How does one get across this quiet stretch
of the Kam Tin River?
Why, by sampan of course! :b
The ride across the river is short but still
makes for quite the memorable experience :)
Close to a year ago now, I took a ride on a ferry that's been celebrated in a novel and song out in the far northeastern Tokyo suburb called Shibamata. Back then, I didn't realize that that area of Tokyo where history and movies (specifically Yoji Yamada's Tora-san films) meet has an equivalent of sorts here in Hong Kong.
But a couple of weeks ago, I visited Nam Sang Wai out in northwestern Hong Kong -- and found not only a quiet part of Asia's World City with various movie associations (including, I've recently been told, Soi Cheang's frequently overlooked Love Battlefield) but, also, one that offers an atmospherically 'retro' ferry ride on a small rickety wooden boat!
And just like the ride on Tokyo's last remaining human-powered riverboat with the lyrical sounding name of Yagiri no Watashi, the one on Hong Kong's last river sampan with the more common name of the Nam Sang Wai ferry is indeed one of the highlights of a visit to the area. To be sure, the trip is indeed on the short side -- but because rides on a sampan are now so rare in this part of the world, it can make for quite the memorable experience.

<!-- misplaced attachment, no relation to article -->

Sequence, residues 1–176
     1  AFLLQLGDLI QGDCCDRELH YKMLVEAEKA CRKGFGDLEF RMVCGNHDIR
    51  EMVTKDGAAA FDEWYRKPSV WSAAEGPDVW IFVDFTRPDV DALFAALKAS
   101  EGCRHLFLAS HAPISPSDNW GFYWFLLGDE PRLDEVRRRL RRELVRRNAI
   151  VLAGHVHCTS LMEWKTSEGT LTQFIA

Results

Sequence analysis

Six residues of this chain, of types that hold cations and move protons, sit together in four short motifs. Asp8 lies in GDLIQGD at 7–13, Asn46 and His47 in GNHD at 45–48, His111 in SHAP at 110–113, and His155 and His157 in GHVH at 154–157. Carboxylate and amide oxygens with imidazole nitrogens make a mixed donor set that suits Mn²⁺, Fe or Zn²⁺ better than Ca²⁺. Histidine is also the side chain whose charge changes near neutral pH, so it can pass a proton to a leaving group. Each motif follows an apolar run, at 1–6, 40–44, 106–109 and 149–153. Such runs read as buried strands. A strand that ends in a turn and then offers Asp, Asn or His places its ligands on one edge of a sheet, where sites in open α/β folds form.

Maybe it's my imagination going into overdrive but even without the ride taking place in a location that has featured in movies, I found that there's a movie-esque feel to the experience. If truth be told though, my sense is that few, if any, of the ferry passengers (many of them bicyclists) would view the boat ride as an end in and of itself the way that it can feel like it's the case with Yagiri no Watashi. Instead, their main reason for being in the area really is to get to the scenic parcel of wetland that is Nam Sang Wai.
On another note: I've also belatedly realized that another association that Nam Sang Wai has is with Pui Pui, the crocodile that now resides at the Hong Kong Wetland Park, was found there back in 2003! So quiet Nam Sang Wai may be -- but famous, at least locally, it actually also is! ;b